For those who haven’t noticed, big data has jumped the shark. When it comes to data processing and analytics, the name of the game is Fast Data. And based on early use cases, Fast Data best practices are starting to emerge, according to an article in Enterprise Apps Today.

At the In-Memory Computing Summit in June, vendors and users indicated that because flash memory is relatively inexpensive, it’s driving databases and applications toward exploiting Fast Data, i.e., mobile and sensor cloud data, “using systems whose storage is predominantly or even entirely composed of main and flash memory,” says Wayne Kernochan, author of the article.

One presenter at the event points to a use case that employed one terabyte of main memory and one petabyte of flash, Kernochan notes.

Enterprises are beginning to understand that handling the massive amounts of data flowing into their businesses from cars, cell phones, GPS, etc., in almost real time is the future of analytics as well as of the operational systems that handle the Internet of Things, he says.

“It gives each customer product ‘thing’ in the Internet of Things adaptability as well as intelligence,” Kernochan says. “On the analytics side, its real-time monitoring allows more rapid feedback and adjustment in the sales process.”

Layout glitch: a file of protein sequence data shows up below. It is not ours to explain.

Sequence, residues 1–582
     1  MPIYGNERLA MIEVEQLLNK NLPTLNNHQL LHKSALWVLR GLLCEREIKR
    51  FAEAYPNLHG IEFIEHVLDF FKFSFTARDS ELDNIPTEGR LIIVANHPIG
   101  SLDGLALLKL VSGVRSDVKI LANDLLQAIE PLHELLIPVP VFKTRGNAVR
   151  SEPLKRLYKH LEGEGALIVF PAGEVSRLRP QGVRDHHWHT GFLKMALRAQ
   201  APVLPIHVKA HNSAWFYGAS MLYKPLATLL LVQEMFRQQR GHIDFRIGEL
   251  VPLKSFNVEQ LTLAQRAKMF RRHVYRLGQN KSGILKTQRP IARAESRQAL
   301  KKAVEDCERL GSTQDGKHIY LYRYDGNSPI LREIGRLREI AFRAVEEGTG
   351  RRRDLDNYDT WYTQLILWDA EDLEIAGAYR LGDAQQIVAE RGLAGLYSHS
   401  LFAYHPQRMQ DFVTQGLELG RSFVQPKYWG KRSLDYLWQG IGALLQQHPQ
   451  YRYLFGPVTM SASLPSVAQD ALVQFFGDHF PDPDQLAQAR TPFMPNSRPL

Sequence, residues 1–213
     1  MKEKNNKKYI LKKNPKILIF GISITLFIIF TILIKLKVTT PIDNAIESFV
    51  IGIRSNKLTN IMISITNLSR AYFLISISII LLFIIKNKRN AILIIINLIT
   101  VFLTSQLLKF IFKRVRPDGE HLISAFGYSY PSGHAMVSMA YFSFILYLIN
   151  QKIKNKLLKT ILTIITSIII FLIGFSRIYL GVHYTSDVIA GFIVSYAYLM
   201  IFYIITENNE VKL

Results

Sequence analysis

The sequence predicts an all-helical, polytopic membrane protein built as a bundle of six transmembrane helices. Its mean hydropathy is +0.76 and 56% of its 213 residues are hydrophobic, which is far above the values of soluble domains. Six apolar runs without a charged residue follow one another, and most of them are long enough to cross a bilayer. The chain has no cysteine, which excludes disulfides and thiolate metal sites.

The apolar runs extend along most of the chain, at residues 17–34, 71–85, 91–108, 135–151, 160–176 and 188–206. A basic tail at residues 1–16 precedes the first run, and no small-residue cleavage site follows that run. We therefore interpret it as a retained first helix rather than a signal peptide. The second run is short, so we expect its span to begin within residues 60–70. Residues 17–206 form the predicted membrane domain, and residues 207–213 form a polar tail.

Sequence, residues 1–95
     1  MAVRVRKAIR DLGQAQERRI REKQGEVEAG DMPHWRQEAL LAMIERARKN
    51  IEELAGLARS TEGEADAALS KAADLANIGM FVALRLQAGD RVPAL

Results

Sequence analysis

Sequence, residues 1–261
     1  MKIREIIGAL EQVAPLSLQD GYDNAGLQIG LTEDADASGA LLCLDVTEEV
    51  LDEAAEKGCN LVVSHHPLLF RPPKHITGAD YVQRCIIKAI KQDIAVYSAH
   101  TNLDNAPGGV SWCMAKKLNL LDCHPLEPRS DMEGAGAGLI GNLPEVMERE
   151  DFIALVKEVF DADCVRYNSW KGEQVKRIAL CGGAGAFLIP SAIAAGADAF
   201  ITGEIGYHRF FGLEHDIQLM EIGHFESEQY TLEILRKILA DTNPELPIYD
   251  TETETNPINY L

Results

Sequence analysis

So as the cost of flash memory comes down, enterprises can handle Fast Data without going broke and databases aimed at taking advantage of “flash-only” are appearing, he says.

Kernochan offers five best practices of flash-memory database architectures:

  1. Treat Flash as Extension of Main Memory—This is the “flat-memory” approach, Kernochan says. Vendors have to ensure that processors treat flash as a slower version of main memory. And flash modules should provide new interfaces best suited for random instead of disk accesses. “The user should look for vendors who do this best, and design fast-data-using apps to view all storage as flat and equally available,” he says.
  2. Implement Variable Tiering for Flash—Kernochan says this means that at times flash should be used for storage, and other times it should be used for processing, depending on the needs of the apps.
  3. Understand Tradeoff between Data Correctness and Speed to Process—The vendors’ abilities to “write to storage” without losing data, as well as optimize the speed of processing at the risk of some “data incorrectness” will vary.
  4. Mesh New Database Architecture with Existing Big Data Architectures—Attendees at the In-Memory Computing Summit agree that the new database architectures are unable to handle the scope of today’s big data analytics—or, to put it another way, “big data can’t do fast data’s job, and vice versa,” Kernochan says. Two approaches to this problem are frameworks and brokers that parcel out application data between operational and analytical databases.
  5. Accept and Plan for Multiplication of Vendor Databases—Enterprises should understand columnar database technology. “Real-world use cases are already adding NoSQL/Hadoop-based databases and columnar databases to handle the operational and analytical sides of fast data,” he says.Kernochan adds that providers are moving rapidly to offer the basic tech for the new flash-memory Fast Data architectures.

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